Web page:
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U.S. Assistant Secretary of State: U.S. 'Can Adjust' to No Venezuelan Oil

Noriega also comments on U.S. border security and Cuba during live TV program.

Washington, D.C., February 4, 2005 - Acknowledging threats by Venezuela to reduce oil exports to the U.S., the U.S. Assistant Secretary of State for Western Hemisphere Affairs Roger Noriega today told the Voice of America (VOA) that Venezuelan President Chavez "has said some strange things recently about oil."

During the VOA Spanish Foro Interamericano TV program, Noriega cautioned that such an action may have unintended consequences. Despite the fact that the U.S. gets 14% of its oil from Venezuela, poor relations between the two countries may jeopardize this economic relationship. Noriega acknowledged that, "maybe in the future the distribution of Venezuela's oil in the U.S. will be reduced." He went on to point out the risk to Venezuela. "If there is a significant reduction in (the U.S.) oil supply, we can adjust. In a matter of weeks we can identify other sources of oil." The Assistant Secretary cautioned, "But for Venezuela, it could be maybe years to find another market."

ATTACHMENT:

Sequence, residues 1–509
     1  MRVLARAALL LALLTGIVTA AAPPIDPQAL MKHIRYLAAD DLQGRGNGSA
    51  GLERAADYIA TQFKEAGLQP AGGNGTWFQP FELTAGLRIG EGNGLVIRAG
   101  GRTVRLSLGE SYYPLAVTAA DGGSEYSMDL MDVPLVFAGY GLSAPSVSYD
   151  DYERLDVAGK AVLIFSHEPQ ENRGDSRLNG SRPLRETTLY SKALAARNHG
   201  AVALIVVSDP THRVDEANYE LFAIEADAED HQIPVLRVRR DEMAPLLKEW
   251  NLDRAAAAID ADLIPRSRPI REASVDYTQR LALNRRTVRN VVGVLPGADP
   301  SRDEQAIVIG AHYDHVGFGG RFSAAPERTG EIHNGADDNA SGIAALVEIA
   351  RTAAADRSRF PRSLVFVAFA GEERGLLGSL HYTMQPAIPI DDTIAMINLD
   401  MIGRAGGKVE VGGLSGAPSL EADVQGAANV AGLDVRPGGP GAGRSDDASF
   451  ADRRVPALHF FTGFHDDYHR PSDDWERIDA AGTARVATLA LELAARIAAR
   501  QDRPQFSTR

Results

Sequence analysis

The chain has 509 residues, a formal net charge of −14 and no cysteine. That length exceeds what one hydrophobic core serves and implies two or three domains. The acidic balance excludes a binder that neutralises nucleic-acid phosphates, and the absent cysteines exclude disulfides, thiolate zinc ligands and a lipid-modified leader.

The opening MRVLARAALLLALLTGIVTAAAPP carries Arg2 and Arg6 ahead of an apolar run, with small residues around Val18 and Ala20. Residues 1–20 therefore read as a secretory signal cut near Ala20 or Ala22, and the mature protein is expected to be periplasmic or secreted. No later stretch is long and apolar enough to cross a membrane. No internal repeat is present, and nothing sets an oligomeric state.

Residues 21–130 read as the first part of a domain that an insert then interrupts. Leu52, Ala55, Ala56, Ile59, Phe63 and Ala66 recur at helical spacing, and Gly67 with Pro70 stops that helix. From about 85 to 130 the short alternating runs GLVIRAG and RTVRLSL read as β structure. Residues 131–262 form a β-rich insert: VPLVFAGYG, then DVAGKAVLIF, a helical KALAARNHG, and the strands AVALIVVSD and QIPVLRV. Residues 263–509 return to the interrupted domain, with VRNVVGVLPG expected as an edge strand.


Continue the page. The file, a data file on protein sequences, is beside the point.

Noriega also addressed U.S. border security. "We support the efforts of the Mexican authorities to deal with the violence and crime in the border area," he said. "It is a responsibility we share with Mexico." He then described new measures by the State Department to "systematically share intelligence information about these criminal groups. This is a priority in the coming years."

On the subject of Fidel Castro and Cuba, Noriega was firm. "The tragedy of Castro is that he will not be remembered in the future in Cuba because (the Cuban people) have already started a dramatic transition," he stated, then adding "And they need the solidarity of all the world's democracies."

Foro Interamericano is VOA's weekly Spanish-language public affairs television program, airing on Fridays. VOA also airs three hours of radio broadcasts daily and a weekday television news program, Desde Washington. All programs are available at

The Voice of America, which first went on the air in 1942, is a multimedia international broadcasting service funded by the U.S. government through the Broadcasting Board of Governors. VOA broadcasts more than 1,000 hours of news, information, educational, and cultural programming every week to an estimated worldwide audience of more than 100 million people. Programs are produced in 44 languages, including English.